Sleep Is Vital to Your Health
You've heard the complaints from your partner. Your loud snoring is keeping him or her up at night. Maybe you've been wondering why you're so tired and cranky during the day. Perhaps you can't stand the thought of another night lying in bed unable to fall asleep. These could all be signs of a serious sleep disorder. More than 60 million Americans suffer from sleep disorders including sleep apnea, insomnia, restless legs syndrome, and narcolepsy. Left untreated, these conditions can lead to health problems and daytime sleepiness. The sleepiness during the day can trigger accidents, loss of productivity, and trouble in your relationships.
Are you sleepy? Download the Epworth Sleepiness Scale.
Don't panic. An occasional sleep disturbance is usually nothing to worry about. So when should you be concerned?
"Everyone has a hard time falling asleep once in awhile," says sleep specialist Joanne Getsy, MD, associate professor of medicine at Drexel University College of Medicine and medical director of Drexel Sleep Medicine. "But if you are consistently tired or noticing other changes in your health, it's really important you see a doctor who can determine if you have a sleep disorder."
To schedule an appointment at Drexel Sleep Medicine, please call 215.482.0899.
One sleep disorder in particular has been gaining more attention these days. It's called sleep apnea, and it's as common as adult diabetes—affecting more than 12 million Americans—according to the National Institutes of Health. Yet the vast majority of sufferers remain undiagnosed and untreated, even though help is out there.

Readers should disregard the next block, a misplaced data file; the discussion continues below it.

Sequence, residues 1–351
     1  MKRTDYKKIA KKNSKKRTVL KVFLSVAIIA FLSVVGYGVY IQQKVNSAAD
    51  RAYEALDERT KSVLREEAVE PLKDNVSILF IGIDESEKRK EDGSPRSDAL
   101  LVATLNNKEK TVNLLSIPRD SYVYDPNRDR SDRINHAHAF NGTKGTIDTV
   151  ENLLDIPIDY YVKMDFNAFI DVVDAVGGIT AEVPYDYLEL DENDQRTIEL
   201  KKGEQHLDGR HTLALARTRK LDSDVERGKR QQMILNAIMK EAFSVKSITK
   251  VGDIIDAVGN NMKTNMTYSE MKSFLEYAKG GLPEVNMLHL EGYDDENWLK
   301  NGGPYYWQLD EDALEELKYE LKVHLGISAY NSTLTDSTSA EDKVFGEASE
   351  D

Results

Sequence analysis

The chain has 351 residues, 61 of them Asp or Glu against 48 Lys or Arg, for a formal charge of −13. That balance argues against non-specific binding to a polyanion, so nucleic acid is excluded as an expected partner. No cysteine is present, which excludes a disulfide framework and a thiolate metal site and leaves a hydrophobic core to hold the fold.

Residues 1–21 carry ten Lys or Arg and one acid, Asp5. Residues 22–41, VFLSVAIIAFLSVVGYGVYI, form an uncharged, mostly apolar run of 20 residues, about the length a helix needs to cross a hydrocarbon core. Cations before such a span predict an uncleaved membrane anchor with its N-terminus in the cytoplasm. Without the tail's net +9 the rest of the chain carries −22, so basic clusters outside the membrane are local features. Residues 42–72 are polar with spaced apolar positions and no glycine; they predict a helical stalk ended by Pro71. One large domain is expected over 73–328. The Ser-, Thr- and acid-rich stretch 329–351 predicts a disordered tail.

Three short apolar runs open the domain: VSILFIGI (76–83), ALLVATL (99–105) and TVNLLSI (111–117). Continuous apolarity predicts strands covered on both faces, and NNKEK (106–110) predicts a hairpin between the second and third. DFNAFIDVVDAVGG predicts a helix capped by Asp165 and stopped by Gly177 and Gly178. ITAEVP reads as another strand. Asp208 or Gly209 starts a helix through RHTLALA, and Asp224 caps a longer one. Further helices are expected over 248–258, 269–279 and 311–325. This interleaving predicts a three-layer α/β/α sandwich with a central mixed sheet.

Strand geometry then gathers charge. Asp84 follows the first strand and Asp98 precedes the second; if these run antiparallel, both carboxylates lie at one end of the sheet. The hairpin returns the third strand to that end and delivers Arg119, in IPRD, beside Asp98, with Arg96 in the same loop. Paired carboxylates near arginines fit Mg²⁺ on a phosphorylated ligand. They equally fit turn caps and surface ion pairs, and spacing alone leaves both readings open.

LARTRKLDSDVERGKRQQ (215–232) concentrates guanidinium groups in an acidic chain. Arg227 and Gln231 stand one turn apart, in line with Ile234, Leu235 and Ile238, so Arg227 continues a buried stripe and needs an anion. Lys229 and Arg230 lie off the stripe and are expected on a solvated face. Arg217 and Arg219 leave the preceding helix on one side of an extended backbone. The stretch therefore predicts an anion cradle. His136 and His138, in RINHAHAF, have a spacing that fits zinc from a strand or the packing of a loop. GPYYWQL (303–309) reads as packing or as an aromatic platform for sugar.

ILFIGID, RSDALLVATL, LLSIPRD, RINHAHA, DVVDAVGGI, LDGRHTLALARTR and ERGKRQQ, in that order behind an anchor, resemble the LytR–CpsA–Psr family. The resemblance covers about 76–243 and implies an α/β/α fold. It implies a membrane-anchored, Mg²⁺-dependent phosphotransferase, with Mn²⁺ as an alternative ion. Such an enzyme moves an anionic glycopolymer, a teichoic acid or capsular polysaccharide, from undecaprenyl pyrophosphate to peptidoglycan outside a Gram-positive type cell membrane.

Apnea comes from the Greek word meaning "without breath," and that's exactly what happens to people with this condition—they literally stop breathing during their sleep, sometimes hundreds of times each night and often for a minute or longer.
There are three types of apnea: obstructive, central, and mixed. Of the three, obstructive sleep apnea (OSA) is the most common. OSA is caused by a blockage of the airway, usually when the soft tissue in the back of the throat collapses and closes during sleep. Risk factors include being male, overweight, and over the age or forty, but sleep apnea can strike anyone at any age, even children.
"Untreated, sleep apnea can cause high blood pressure and other cardiovascular disease, memory problems, weight gain, and headaches," says Dr. Getsy. "But fortunately, it is treatable."
In fact, most sleep disorders are treatable once they're diagnosed. Drexel Sleep Medicine is equipped with state-of-the-art testing equipment to monitor a person's brain waves, muscle tension, eye movement, respiration, oxygen level in the blood, and sounds like snoring and gasping. The key, according to Dr. Getsy, is getting that diagnosis. "It's really crucial that a patient see a sleep specialist who can determine what's wrong and get that patient help. You'd be amazed how a person's quality of life improves once we start treatment."
For more information about sleep apnea and other sleep disorders, contact Drexel Sleep Medicine at 215.482.0899.
The information on these pages is provided for general information only and should not be used for diagnosis or treatment, or as a substitute for consultation with a physician or health care professional. If you have specific questions or concerns about your health, you should consult your health care professional.
The images being used are for illustrative purposes only; any person depicted is a model.
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